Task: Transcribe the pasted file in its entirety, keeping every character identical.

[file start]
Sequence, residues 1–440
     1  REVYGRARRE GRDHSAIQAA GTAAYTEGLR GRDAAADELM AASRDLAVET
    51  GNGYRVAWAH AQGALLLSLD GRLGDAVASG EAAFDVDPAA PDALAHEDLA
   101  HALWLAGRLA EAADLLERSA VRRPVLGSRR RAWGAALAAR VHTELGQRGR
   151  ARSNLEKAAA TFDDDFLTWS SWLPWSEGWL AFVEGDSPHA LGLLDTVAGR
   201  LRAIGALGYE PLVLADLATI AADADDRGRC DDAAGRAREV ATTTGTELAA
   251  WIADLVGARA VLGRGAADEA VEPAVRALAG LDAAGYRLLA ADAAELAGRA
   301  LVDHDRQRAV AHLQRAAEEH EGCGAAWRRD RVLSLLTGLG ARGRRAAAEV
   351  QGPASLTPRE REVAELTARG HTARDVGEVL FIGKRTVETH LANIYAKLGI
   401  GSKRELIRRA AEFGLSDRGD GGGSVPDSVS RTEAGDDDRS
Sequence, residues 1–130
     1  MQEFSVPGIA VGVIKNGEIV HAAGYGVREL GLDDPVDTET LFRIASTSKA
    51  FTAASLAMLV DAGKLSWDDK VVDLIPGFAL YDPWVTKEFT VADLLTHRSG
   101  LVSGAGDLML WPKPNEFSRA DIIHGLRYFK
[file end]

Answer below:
Sequence, residues 1–440
     1  REVYGRARRE GRDHSAIQAA GTAAYTEGLR GRDAAADELM AASRDLAVET
    51  GNGYRVAWAH AQGALLLSLD GRLGDAVASG EAAFDVDPAA PDALAHEDLA
   101  HALWLAGRLA EAADLLERSA VRRPVLGSRR RAWGAALAAR VHTELGQRGR
   151  ARSNLEKAAA TFDDDFLTWS SWLPWSEGWL AFVEGDSPHA LGLLDTVAGR
   201  LRAIGALGYE PLVLADLATI AADADDRGRC DDAAGRAREV ATTTGTELAA
   251  WIADLVGARA VLGRGAADEA VEPAVRALAG LDAAGYRLLA ADAAELAGRA
   301  LVDHDRQRAV AHLQRAAEEH EGCGAAWRRD RVLSLLTGLG ARGRRAAAEV
   351  QGPASLTPRE REVAELTARG HTARDVGEVL FIGKRTVETH LANIYAKLGI
   401  GSKRELIRRA AEFGLSDRGD GGGSVPDSVS RTEAGDDDRS
Sequence, residues 1–130
     1  MQEFSVPGIA VGVIKNGEIV HAAGYGVREL GLDDPVDTET LFRIASTSKA
    51  FTAASLAMLV DAGKLSWDDK VVDLIPGFAL YDPWVTKEFT VADLLTHRSG
   101  LVSGAGDLML WPKPNEFSRA DIIHGLRYFK